When it comes to sales performance, we often listen to “stories” versus looking at the numbers. Details can vary, and sometimes they are what we want to hear instead of the facts and figures, which confirm poor sales performance. Let’s face it – numbers are cold and at times, cruel. They can be downright horrible and cause one to look for an explanation as to why results are so bad.
Having been involved in numerous start-up businesses as well as turnarounds, in my experience, when sales are lacking, the problem is typically connected to sales strategy and execution. A less frequent cause could be a lack of demand or other market-related problems. In any event, stories overshadow actual performance analysis. Stories? What Stories? Here is one: “I am making a lot of calls, but no one is interested.” Or, “Next week is looking up, we have made several presentations this week.” Or, how about this one: “I don’t have enough prospects. We need to increase advertising to get more prospects so that we can increase sales.”
It is human nature to look for answers to problems by using simple or easier solutions, rather than to employ difficult or more complex solutions. Most likely, you are familiar with the quote by Abraham Maslow, “If all you have is a hammer, everything looks like a nail.” During a “sales slump,” we want an easy solution to fix the problem, such as more advertising, and in many cases, that won’t solve the issue. Instead, the root cause of the lack of production is an overall bad sales strategy or poor sales process execution.
A few years ago, I was involved in a situation that well illustrates this issue. I was working on a start-up of a new senior living community in Arizona, and about the same time, the company was also opening another brand-new community in Georgia. The sales results at the Georgia community were terrible, and during company-wide sales meetings, the Georgia sales team consistently reported that no one was interested in their location. They did not have enough new prospects. They would repeatedly ask for suggestions on how to attract individuals to their community because traffic was so bad. They even resorted to having a “sign spinner” on the busiest street closest to the community, since it was located on a side street. By the way, the location of the community was one of the other reasons the sales team cited as to the low interest, slow traffic, and poor sales results.
During this time, I filled the community in Arizona to near capacity, and soon after that, I received a request to take over the sales efforts in Georgia. I agreed to go but was more than a little concerned since I had been listening to stories that had been circulating within the company for months about the community’s low demand. I left Arizona and started driving to Georgia, reflecting as I drove on how bad this project could be.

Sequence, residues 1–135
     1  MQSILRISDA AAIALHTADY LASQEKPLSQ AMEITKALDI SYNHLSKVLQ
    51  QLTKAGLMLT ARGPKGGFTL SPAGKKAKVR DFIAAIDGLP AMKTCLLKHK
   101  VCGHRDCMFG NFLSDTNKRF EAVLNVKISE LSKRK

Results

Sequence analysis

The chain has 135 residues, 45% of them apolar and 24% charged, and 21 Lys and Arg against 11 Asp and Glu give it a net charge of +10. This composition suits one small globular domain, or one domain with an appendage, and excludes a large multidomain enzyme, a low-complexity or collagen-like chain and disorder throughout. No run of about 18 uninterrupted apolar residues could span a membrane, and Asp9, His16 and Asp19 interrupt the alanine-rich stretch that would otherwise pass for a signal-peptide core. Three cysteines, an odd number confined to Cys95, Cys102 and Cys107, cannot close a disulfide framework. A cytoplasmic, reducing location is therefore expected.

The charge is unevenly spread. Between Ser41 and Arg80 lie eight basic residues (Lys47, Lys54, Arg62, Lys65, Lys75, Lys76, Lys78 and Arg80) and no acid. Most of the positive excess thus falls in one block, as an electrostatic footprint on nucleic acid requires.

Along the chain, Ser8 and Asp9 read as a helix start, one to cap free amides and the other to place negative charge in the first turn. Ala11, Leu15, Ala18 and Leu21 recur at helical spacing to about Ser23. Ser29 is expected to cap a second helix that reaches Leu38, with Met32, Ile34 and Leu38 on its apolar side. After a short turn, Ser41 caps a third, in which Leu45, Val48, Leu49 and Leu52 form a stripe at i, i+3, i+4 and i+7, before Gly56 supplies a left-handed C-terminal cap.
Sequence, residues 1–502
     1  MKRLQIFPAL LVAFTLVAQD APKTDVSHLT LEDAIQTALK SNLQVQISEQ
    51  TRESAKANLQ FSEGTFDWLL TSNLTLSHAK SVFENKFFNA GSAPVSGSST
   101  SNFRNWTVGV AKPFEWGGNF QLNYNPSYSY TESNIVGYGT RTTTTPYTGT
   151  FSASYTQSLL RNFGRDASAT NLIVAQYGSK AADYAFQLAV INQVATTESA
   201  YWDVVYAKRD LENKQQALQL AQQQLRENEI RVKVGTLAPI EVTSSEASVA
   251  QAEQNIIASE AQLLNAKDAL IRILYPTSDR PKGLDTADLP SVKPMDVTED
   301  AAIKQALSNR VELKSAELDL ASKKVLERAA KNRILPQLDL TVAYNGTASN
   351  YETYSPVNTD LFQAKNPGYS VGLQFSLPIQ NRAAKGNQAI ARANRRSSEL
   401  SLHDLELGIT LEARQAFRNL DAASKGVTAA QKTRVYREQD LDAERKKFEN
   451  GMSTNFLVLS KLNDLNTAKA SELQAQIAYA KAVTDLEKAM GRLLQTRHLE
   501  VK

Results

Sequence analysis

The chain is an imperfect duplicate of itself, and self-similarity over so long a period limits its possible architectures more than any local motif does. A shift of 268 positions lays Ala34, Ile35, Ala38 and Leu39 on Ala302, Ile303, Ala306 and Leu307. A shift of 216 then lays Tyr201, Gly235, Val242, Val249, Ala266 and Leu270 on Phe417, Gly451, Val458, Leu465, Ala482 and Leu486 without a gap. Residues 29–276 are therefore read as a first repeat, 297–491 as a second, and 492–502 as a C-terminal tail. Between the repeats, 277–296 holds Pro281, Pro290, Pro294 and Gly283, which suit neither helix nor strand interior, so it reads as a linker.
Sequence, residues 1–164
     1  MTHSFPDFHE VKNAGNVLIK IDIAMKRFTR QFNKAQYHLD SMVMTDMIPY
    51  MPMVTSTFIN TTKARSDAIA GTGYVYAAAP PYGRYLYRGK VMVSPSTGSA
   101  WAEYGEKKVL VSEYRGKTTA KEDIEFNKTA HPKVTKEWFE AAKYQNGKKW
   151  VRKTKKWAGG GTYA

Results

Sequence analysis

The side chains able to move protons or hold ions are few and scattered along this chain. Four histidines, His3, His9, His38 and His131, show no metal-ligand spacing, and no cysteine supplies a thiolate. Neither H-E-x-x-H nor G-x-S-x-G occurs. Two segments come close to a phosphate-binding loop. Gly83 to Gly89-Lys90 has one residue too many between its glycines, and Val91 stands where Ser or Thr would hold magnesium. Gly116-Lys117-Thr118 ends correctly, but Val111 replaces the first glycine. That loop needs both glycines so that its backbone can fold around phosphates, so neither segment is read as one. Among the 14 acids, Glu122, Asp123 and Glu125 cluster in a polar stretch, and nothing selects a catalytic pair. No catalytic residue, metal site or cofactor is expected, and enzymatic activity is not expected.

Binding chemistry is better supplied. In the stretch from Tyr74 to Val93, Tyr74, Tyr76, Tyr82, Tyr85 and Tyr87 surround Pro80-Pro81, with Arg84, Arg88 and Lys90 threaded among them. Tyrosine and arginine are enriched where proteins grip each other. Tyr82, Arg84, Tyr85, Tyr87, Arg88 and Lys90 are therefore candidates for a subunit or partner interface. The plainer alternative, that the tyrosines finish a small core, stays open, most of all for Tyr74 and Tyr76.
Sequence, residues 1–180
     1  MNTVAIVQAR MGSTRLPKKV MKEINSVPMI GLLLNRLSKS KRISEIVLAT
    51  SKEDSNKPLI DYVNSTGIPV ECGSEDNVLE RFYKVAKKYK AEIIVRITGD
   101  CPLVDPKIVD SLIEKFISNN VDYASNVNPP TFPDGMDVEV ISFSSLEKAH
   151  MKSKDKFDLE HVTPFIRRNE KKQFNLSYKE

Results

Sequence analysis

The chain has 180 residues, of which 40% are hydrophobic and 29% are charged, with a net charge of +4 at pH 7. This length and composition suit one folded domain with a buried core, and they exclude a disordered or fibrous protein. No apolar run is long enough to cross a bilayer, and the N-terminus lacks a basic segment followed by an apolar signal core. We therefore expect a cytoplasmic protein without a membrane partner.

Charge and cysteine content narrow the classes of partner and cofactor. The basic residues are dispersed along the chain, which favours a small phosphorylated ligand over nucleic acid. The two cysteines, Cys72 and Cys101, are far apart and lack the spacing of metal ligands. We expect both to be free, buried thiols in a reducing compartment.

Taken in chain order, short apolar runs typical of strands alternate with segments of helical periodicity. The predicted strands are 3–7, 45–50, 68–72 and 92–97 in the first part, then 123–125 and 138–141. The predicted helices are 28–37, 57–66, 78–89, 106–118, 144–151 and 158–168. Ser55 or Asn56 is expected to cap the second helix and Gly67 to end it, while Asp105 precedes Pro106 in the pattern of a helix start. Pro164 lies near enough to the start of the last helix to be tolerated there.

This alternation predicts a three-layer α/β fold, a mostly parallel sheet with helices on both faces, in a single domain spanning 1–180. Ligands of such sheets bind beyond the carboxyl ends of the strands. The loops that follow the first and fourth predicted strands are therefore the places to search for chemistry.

Here was the situation when I arrived at the Georgia community:
The community was an independent living community consisting of 118 units. It had been open for several weeks by the time I got there, and the failed sales team had moved in seven residents. Yes, there were only seven residents, and the company was getting ready for their big grand opening celebration event. The problem I immediately faced was that there were no more prospects in the queue to move in. No one was coming. I mean, the pipeline was drained after a mere seven move-ins. However, I immediately reviewed a list of new prospects and determined that there was more than an adequate number of inquiries. Things were looking up. I also discovered that there was an average of 14 new prospect tours per week. That was also a good sign! I proceeded to fill the community to 95 percent occupancy in less than six months (my negotiated length of stay). Shortly after that, the community was 100 percent occupied.
A noteworthy part of this situation is that when the previous sales team described how bad things were, I believed them because they said it with such conviction. The problem was that the stories weren’t true. The reality was that there was substantial demand for this community, but unfortunately, the sales team did not know how to execute an effective sales process. The lesson? Numbers don’t lie. Yes, if the numbers are there, chances are the sales are there. However, the salesperson must take advantage of each sales opportunity. When things are going wrong, it is easy to start listening to the stories and get distracted from the numbers and sales process execution; however, it is a mistake to follow that path. It is always best to trust the numbers and sales process execution and not listen to stories even if it is easier to believe them.